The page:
Avoiding fumbles a point of pride for Packers

Michael Cohen
Milwaukee Journal Sentinel
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Green Bay Packers quarterback Aaron Rodgers (12) tries to recover his fumble after being stripped on a scramble against the Minnesota Vikings outside linebacker Anthony Barr (55) at U.S. Bank Stadium on Sept. 18, 2016.

GREEN BAY — There were many places your eyes might have looked during the eight seconds in which Green Bay Packers quarterback Aaron Rodgers held the football Sunday afternoon before firing a 5-yard touchdown pass to wide receiver Davante Adams.

They may have focused on Rodgers, who maneuvered the pocket until the proper throwing lane appeared. They may have focused on the offensive line, which shielded its quarterback from four pass rushers.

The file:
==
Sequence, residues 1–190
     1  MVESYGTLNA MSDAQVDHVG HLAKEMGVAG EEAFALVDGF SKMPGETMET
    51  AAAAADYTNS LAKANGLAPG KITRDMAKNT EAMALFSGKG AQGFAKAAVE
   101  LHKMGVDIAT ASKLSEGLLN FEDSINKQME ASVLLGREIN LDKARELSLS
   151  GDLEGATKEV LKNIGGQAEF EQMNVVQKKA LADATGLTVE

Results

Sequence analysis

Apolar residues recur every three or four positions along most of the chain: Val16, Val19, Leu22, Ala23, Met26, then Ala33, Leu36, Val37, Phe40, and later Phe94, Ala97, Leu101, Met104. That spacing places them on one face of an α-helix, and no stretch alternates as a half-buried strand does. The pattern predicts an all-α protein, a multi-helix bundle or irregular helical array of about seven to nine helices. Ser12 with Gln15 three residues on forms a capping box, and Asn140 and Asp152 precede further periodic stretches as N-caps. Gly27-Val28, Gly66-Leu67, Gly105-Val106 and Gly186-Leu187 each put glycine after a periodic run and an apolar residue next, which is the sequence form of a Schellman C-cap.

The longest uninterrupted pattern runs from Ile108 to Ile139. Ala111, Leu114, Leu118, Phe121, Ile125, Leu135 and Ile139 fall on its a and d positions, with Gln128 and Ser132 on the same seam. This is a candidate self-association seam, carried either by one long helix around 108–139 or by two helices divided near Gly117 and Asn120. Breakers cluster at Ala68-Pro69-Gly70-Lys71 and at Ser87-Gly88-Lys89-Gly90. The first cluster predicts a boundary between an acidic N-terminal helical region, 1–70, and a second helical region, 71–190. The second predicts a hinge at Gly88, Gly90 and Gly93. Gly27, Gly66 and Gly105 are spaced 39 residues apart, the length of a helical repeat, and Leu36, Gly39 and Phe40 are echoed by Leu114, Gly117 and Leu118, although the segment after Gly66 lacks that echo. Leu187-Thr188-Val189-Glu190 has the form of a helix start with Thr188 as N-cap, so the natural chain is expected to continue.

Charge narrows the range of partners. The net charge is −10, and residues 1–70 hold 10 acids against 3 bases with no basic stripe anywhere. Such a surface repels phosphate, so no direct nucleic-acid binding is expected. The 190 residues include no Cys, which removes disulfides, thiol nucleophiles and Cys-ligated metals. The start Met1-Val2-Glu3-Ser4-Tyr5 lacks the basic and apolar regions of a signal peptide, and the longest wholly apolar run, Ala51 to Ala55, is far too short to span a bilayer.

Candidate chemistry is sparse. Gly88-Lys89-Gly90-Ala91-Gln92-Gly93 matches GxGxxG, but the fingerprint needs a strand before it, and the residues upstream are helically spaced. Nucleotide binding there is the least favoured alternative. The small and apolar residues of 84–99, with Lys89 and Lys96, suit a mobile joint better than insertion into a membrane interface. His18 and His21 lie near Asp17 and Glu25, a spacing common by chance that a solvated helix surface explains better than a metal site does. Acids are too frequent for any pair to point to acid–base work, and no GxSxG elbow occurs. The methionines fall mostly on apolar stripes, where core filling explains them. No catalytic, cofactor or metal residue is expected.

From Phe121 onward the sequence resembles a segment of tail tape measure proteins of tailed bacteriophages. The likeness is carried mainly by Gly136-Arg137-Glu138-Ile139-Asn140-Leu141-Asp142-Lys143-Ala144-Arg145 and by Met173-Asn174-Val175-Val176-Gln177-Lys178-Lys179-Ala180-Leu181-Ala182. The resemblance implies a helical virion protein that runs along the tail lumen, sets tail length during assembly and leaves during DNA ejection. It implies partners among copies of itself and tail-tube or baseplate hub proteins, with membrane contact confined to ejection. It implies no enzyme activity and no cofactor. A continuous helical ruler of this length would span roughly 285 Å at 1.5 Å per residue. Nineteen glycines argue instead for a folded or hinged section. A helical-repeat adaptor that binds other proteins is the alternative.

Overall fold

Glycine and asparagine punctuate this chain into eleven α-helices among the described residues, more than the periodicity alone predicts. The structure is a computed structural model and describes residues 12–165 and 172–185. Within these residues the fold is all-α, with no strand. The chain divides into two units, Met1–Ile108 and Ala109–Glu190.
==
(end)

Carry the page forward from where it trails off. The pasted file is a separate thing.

Chances are, your eyes did not focus on the way Rodgers held the football, and in some respects that part of the play is what made coach Mike McCarthy happiest — aside from the touchdown itself.

“Actually the clip you just talked about, we showed it today in the team meeting because you know the emphasis on ball security, because Dallas is outstanding at taking the football away,” McCarthy said earlier this week. “Their takeaway opportunities (are) very high, probably one of the best teams we've seen all year. And then particularly our clip, Aaron's ball-carries throughout that time is outstanding.”

Rodgers’ ability to slide through traffic unencumbered is the perfect summation of another turnover-free streak few people are talking about. Yes, Rodgers completed his eighth consecutive game without an interception when the Packers defeated the New York Giants last weekend, but it’s also been a long time since he or the skill positions players have fumbled either.